Harlie felt something tickle the back of her neck, and she did another 360 degree turn. It was during this that she saw the vague, almost indistinct footprints in the sand. Several of them, emerging from the waterline and advancing toward the camp. She turned toward the dunes, and saw two sets of tracks heading off into them. Looking down, Harlie saw the prints from the water were all around the Scout. And then they also continued on into the dunes in erratic, unusual tacks.
Harlie adjusted her sunglasses and looked back at the F-150. Jessica watched her from behind the wheel, her eyes unreadable behind her own sunglasses. Turning back to the rise of dunes before her, Harlie contemplated what she would do next. Something had obviously happened here, but exactly what it was, she wasn’t sure.
Overhead, the gulls continued to hover and squawk. Harlie looked up at them aimlessly for a moment, and noticed they were slowly sliding into position over the dunes…and examined whatever lay beyond them with great curiosity. Harlie considered this for a long moment, then pulled the M16 off her shoulder and flipped off the safety. Glancing back at the F-150, she pointed toward the dunes, then marched toward them. She heard the F-150 trundle forward, and a glance over her shoulder confirmed it stopped just short of the abandoned Scout. Jessica looked through the windshield at her, watching as Harlie slowly climbed up the dune.
The gulls were excited now, honking back and forth to each other as they bobbed up and down in the breeze. Firming her grip on the M16’s pistol grip, she powered herself up the face of the dune and slowly, very slowly, crested it. Without realizing it, she had brought the M16 to her shoulder. The gulls cried overhead as Harlie stepped across the dune’s soft summit and peered into the trough on the other side.
A half dozen shapes moved there, gray shapes dotted here and there with splashes of dark red. More red was spattered across the back of the dune, and as she watched, Harlie saw what looked to be a dismembered, disemboweled corpse at the bottom of the trough. It had been an older man, and the corpse’s eyes stared up at her without seeing. And then, the eyes moved, and the head tilted to one side; its dead gaze suddenly locked with hers, and it opened its mouth to moan. But with no diaphragm, it couldn’t take any air into its lungs, so it just opened and closed its mouth. Even then, it took Harlie several seconds to process exactly what it was she was seeing. The rest of the figures surrounding the first corpse were hunched over its remains, and that of a second corpse—this one had been a fleshy woman who laid face-down in the sand. Her buttocks and thighs were almost completely gone, and the sand beneath her was stained the color of rust from her bleeding out. But still, the corpse twitched and shuddered suddenly, as if someone had just flipped a switch and turned it on.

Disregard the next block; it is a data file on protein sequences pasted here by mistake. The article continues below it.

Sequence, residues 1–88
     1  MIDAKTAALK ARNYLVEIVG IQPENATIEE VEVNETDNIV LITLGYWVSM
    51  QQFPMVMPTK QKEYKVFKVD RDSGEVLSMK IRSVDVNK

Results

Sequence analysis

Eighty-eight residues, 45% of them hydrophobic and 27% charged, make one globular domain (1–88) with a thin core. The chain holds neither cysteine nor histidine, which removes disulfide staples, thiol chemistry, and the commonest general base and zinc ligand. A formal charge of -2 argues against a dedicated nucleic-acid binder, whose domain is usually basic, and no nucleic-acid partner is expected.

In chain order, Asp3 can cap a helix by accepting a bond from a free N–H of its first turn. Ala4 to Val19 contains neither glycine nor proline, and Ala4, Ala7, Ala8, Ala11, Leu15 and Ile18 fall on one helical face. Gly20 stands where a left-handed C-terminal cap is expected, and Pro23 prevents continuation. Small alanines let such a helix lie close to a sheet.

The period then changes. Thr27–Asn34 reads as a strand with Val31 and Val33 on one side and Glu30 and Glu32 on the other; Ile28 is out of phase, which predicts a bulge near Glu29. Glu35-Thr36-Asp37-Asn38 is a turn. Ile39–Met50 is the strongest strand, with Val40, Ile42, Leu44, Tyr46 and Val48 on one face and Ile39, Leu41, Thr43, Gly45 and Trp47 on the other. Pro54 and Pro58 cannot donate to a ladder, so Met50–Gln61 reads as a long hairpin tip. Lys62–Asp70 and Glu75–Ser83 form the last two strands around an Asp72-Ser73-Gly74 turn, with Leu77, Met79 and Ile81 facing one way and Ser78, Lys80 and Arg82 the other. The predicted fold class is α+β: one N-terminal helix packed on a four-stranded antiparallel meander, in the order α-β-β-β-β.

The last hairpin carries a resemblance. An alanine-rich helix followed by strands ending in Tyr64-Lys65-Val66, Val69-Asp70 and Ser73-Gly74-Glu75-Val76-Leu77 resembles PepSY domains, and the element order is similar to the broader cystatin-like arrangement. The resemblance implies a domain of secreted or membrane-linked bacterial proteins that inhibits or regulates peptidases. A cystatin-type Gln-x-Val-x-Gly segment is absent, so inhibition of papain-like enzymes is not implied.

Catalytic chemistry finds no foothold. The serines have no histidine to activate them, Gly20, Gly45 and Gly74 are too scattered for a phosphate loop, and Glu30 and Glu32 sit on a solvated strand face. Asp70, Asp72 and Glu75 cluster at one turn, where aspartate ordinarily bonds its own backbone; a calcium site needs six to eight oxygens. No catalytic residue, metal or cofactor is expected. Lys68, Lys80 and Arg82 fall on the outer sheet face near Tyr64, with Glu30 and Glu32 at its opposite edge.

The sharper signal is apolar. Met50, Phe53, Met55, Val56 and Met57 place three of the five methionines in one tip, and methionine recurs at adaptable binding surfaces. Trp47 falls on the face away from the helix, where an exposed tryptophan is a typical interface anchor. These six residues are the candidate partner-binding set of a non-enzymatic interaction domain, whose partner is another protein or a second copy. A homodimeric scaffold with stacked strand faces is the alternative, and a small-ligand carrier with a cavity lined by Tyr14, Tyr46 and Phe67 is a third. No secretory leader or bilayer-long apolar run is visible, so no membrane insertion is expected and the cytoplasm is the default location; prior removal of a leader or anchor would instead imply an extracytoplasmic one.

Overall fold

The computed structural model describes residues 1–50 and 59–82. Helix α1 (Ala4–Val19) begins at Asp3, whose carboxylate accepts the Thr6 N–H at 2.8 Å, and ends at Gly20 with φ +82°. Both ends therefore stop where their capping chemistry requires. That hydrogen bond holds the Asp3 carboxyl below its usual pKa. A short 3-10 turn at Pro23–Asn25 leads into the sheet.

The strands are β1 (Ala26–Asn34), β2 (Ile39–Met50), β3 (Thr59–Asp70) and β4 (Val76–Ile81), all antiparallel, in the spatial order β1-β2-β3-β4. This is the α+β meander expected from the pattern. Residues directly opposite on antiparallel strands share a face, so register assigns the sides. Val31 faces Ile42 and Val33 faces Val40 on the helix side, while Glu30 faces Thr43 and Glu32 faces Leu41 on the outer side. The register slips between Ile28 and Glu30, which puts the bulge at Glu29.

One of the figures crouched over the remains of the man looked up then. When its flat, lifeless, opaque eyes met hers, Harlie suddenly figured everything out.
Oh my God, they’re zombies—!
Before the zombie released its first moan, the F-150’s horn blared, long and loud. The rest of the zombies slowly took notice, rising off their haunches and turning to look up at Harlie. Harlie shot one through the head, then another, and another. Behind her, the F-150’s horn was blaring in stark, strident tones. As the zombies below her moaned and reached for her, she turned and ran back toward the beach.
Where dozens of zombies were emerging from the Gulf, their pale gray, bloodless bodies glistening grotesquely in the bright sunlight. Even though the water was only up to their knees, they stumbled about in the vigorous surf, and several of them went down, victims of the undertow. It was a horrifying sight, and it elicited in Harlie a deep-seated terror she’d never known was possible. But even though they were in shallow water, they were still well over a hundred feet out—the shelf of the Gulf of Mexico extended outward for a thousand feet at a very minor angle before suddenly deepening, one reason the undertow was so strong along Padre Island. Farther out, she saw heads breaking through the water’s surface as more of the dead moved to the shore. Hundreds of heads, bobbing up and down in the surf.